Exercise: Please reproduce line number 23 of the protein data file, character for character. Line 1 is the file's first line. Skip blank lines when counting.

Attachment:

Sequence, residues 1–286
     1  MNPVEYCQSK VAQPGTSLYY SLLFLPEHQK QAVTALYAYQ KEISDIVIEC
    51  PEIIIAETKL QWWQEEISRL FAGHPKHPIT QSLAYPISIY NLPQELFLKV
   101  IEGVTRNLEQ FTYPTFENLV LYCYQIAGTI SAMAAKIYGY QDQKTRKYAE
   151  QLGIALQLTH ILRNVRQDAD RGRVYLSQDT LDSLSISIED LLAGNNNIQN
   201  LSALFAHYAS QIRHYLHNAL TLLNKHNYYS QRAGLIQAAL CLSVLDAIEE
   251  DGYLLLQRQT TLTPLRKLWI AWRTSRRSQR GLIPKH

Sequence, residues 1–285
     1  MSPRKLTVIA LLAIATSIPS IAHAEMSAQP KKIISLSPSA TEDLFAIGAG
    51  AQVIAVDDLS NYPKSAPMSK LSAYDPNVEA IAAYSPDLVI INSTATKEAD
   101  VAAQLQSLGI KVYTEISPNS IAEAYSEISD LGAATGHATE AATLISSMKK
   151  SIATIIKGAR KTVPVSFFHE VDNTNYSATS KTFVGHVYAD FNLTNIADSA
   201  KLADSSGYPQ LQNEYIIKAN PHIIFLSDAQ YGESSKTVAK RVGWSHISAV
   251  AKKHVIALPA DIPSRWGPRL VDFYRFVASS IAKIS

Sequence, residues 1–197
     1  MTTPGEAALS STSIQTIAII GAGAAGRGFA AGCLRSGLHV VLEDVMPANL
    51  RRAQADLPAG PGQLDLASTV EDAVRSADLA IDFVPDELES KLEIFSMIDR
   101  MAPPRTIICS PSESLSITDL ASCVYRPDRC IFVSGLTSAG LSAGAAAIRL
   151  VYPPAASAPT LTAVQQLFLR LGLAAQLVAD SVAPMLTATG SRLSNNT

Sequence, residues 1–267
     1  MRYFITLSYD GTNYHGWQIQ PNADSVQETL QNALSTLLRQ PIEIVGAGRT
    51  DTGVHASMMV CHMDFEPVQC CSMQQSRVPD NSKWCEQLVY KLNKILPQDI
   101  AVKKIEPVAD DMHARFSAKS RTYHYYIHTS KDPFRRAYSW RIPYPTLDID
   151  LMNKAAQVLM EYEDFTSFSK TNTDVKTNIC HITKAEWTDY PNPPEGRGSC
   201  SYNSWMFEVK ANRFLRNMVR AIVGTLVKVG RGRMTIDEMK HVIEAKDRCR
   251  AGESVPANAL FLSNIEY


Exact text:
   101  AVKKIEPVAD DMHARFSAKS RTYHYYIHTS KDPFRRAYSW RIPYPTLDID